The weekend’s rugby provided a lot of topics for debate, none more so that Munster’s winner against Edinburgh at Murrayfield.


The European giants had a penalty against them reversed, after Edinburgh prop Pierre Schoeman made contact with Tadhg Beirne off the ball. From what could have been a chance for Richard Cockerill’s side to extend their lead, Munster took advantage, and Keith Earls eventually scored the match-winning try.

However, Beirne’s theatrics have come under some heavy criticism in the wake of the game, with former Ireland captain Brian O’Driscoll getting involved on Off the Ball.

“I’ve seen some stuff on social media and people are not happy with the manner he threw himself to the ground. There was no doubt he gets impacted but it’s a big sell. The dramatics of the fall is definitely what caught the TMO’s eye.

“Ultimately it probably is a penalty but I don’t think you have to sell it that way. I don’t think it’s a good look for our game.

The Irish second-row seemed to go down with minimal contact. Worse still, he remained down, drawing attention to what had happened, and went on to finish the game.

As expected, many fans and players were disappointed by these antics, as David Flatman even called for the lock to apologise. Fans have shown their support for what Flatman said, as diving is becoming more commonplace in rugby.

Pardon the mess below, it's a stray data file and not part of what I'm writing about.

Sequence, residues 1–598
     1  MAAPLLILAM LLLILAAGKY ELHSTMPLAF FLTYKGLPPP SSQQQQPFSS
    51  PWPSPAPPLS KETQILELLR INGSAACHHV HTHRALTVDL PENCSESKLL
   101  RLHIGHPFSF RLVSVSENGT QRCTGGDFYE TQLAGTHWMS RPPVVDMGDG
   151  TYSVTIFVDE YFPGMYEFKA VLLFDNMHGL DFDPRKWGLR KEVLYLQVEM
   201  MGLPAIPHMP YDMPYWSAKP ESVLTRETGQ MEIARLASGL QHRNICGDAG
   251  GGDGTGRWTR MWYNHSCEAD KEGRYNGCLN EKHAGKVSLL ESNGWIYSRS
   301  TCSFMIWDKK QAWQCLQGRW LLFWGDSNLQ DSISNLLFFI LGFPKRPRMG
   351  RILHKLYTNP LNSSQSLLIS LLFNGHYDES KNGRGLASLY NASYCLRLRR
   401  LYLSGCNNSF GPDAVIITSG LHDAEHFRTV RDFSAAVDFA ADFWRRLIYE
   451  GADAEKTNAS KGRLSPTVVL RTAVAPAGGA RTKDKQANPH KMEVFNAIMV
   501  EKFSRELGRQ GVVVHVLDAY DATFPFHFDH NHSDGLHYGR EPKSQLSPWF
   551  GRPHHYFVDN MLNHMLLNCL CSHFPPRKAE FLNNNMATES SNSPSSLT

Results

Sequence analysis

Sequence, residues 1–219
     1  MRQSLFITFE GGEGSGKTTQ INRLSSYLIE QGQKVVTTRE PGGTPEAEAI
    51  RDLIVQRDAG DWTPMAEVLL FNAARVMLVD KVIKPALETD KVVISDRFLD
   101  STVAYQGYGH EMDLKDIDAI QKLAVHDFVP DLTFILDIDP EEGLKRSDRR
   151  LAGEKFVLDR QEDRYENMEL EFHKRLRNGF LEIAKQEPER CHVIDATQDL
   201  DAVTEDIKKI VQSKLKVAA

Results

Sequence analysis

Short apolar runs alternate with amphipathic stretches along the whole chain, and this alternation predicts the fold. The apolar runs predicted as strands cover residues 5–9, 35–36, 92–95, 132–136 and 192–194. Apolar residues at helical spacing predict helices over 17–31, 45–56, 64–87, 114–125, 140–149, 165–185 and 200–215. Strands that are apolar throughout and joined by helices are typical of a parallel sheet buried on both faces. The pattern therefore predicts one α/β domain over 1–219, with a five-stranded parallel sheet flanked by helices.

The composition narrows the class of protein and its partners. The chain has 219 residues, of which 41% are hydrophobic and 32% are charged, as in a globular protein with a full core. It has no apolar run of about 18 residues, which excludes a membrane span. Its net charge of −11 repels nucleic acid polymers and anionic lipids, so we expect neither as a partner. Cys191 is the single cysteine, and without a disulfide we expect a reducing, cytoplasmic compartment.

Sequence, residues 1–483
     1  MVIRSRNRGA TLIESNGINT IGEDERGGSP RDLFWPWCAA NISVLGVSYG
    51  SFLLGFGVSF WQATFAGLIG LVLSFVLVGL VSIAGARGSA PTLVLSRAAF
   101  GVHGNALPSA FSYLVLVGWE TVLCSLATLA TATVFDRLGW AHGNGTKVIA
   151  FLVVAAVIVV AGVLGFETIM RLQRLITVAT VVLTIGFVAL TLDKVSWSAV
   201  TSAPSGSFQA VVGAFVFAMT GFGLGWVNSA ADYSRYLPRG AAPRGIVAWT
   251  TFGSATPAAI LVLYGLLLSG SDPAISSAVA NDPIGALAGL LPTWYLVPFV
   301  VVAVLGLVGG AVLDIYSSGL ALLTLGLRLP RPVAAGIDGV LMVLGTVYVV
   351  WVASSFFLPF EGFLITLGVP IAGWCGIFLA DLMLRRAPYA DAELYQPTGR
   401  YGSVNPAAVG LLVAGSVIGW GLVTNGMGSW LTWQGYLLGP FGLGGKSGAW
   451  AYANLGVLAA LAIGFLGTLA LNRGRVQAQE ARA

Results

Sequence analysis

This is what the fans have been saying:


Of course, not many people are arguing that this was not a penalty, as after all, this was a needless and unwarranted dig by Schoeman off the ball. However, while many fans will oppose what Schoeman did, many more will have a problem with Beirne’s antics to milk a penalty. That is what makes this a peculiar circumstance, as the referee was right to award Munster a penalty, but equally Beirne should be admonished for what he did.

Rugby has always seemed to pride itself as being immune from acts of cheating like this, but it is undeniable that it is becoming more and more prominent, particularly with the availability of the TMO. Obviously football receives a fair amount of criticism for the frequency of diving, and many will be desperate to prevent rugby going down the same road.

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